Body Heat (1981; USA; Technicolor; 113m) ***½ d. Lawrence Kasdan; w. Lawrence Kasdan; ph. Richard H. Kline; m. John Barry. Cast: William Hurt, Kathleen Turner, Richard Crenna, Ted Danson, J.A. Preston, Mickey Rourke, Kim Zimmer, Jane Hallaren, Lanna Saunders, Carola McGuinness, Michael Ryan, Larry Marko. In the midst of a searing Florida heat wave, a woman persuades her lover, a small-town lawyer, to murder her rich husband. Modern reworking of the classic film noir DOUBLE INDEMNITY is hot and intense with a sultry performance from Turner. Hurt is also good as the ensnared lawyer. Elements and dialogue are occasionally overbaked in an attempt to recreate the noir feel, but Barry’s moody score and Kasdan’s low key direction make this a compelling tale. 
Shamus (1973; USA; Eastmancolor; 106m) **½ d. Buzz Kulik; w. Barry Beckerman; ph. Victor J. Kemper; m. Jerry Goldsmith. Cast: Burt Reynolds, Dyan Cannon, John P. Ryan, Joe Santos, Georgio Tozzi, Kevin Conway, John Glover, Ron Weyand, Beeson Carroll, Larry Block, Kay Frye, Merwin Goldsmith, Melody Santangello, Irving Selbst, Alex Wilson. A New York private eye likes girls, drink and gambling, but by the look of his flat business can’t be too hot. So, an offer of $10,000 to finds some diamonds stolen in a daring raid with a flame-thrower is too good to miss. Tonal shifts jar in this detective vehicle for Reynolds, whose easy-going charm is the best thing about this yarn. The action sequences are well staged and there is good use of grimy NYC locations, but the script lacks focus and the characters are stereotypical. Followed by the TV movie A MATTER OF WIFE… AND DEATH (1976) with Rod Taylor taking over the lead. 
Trouble Man (1972; USA; Colour; 99m) *** d. Ivan Dixon; w. John D. F. Black; ph. Michel Hugo; m. Marvin Gaye. Cast: Robert Hooks, Paul Winfield, Ralph Waite, William Smithers, Paula Kelly, Julius Harris, Bill Henderson, Wayne Storm. Things begin to unravel when a supercool black fixer is hired to straighten out some crooks. Typical example of the blaxploitation cinema that dominated the early 1970s. Hooks is the supercool Mr. T, whose attitude carries more than a hint of SHAFT – on which both producer Joel Freeman and writer/exec producer Black had worked. The script is fairly routine as is the violence and mayhem, but there is a sense of style in Dixon’s direction. Gaye provides the funky score. 
Blood Work (2002; USA; Technicolor; 110m) *** d. Clint Eastwood; w. Brian Helgeland; ph. Tom Stern; m. Lennie Niehaus. Cast: Clint Eastwood, Jeff Daniels, Anjelica Huston, Wanda De Jesus, Tina Lifford, Paul Rodriguez, Dylan Walsh, Mason Lucero, Gerry Becker, Rick Hoffman, Alix Koromzay, Igor Jijikine, June Kyoto Lu, Dina Eastwood, Beverly Leech. Still recovering from a heart transplant, a retired FBI profiler returns to service when his own blood analysis offers clues to the identity of a serial killer. Interesting premise is occasionally undone by lapses in logic and the routine nature of the production. Eastwood is as charismatic as ever in the lead role, but as director fails to inject sufficient suspense. The strongest moments are the character conflicts. It remains an entertaining enough and serviceable mystery despite its flaws. Based on the novel by Michael Connelly.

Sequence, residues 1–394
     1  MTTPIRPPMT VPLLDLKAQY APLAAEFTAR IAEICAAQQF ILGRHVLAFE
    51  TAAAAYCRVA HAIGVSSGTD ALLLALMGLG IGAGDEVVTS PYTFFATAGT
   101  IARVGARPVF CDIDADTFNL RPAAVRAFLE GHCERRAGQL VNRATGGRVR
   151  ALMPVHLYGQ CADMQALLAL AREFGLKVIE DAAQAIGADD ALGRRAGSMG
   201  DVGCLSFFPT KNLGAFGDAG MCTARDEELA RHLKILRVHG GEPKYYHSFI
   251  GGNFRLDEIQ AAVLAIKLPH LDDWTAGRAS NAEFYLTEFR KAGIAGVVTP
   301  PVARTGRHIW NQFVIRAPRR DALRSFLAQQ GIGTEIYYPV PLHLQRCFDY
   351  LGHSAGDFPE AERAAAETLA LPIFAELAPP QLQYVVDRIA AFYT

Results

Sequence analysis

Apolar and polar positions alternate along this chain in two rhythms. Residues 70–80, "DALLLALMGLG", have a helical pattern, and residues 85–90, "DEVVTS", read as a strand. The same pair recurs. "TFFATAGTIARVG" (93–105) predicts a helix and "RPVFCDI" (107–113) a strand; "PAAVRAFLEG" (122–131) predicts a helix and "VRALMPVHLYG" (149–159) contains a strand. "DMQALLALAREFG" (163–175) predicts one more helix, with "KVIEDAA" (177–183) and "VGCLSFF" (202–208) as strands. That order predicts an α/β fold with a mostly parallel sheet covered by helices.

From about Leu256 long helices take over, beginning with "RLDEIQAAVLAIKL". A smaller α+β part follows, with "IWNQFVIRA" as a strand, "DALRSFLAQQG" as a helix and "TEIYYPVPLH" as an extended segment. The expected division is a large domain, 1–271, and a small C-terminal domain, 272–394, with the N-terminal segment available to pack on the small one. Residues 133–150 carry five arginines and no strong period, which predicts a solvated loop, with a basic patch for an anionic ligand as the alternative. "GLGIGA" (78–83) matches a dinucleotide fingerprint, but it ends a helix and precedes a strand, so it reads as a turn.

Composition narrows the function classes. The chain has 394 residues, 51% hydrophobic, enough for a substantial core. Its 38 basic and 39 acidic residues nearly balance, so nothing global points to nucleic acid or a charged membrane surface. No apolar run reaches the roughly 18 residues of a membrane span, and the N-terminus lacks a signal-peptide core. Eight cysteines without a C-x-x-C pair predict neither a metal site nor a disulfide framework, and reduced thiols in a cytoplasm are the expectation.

INVISIBLE DEAD by SAM WIEBE (2016, Quercus, 342pp) ***½
Blurb: An ex-cop who navigates by a moral compass stubbornly jammed at true north, Dave Wakeland is a talented private investigator with next to zero business sense. And even though he finds himself with a fancy new office and a corporate-minded partner, he continues to be drawn to cases that are usually impossible to solve and frequently don’t pay. When Wakeland is hired by a terminally ill woman to discover the whereabouts of her adopted child-who disappeared as an adult more than a decade earlier-it seems like just another in a string of poor career decisions. But it turns out this case is worse than usual, even by his standards. With only an anonymous and vaguely worded tip to guide him, Wakeland interviews an imprisoned serial killer who seems to know nothing about the case, but who nonetheless steers him toward Vancouver’s terrifying criminal underworld. And it all goes downhill from there. Whatever ghosts drive Wakeland, they seem to drive him inexorably toward danger-a journey he’s content to take so long as it means finding out what happened to someone the rest of the world seems happy enough to forget. With nothing to protect him but his wit and his empathy for the downtrodden and disenfranchised, Wakeland is on the case.
Whilst there are occasional affectionate nods to its pulp fiction roots, this is a thoroughly modern take on the first-person private eye mystery. Here the case surrounds the search for a girl who has been missing for ten years, having been estranged from her family after being sucked into a life of drugs and prostitution. Wiebe’s view of this sleazy world is a nasty and violent one populated with self-satisfying characters who you would not want to meet on the dark streets. Throughout this, the writer manages to keep Wakeland a likeable hero – seemingly the only character in the book with a moral compass – and it is his observations that keep the book readable through to its inevitable conclusion. It is not for the faint-hearted – there are a number of unpleasant sequences, which may suggest Wiebe is trying too hard to shock at times. But it may also be that he is merely trying to de-glamorise the legacy he also pays homage to.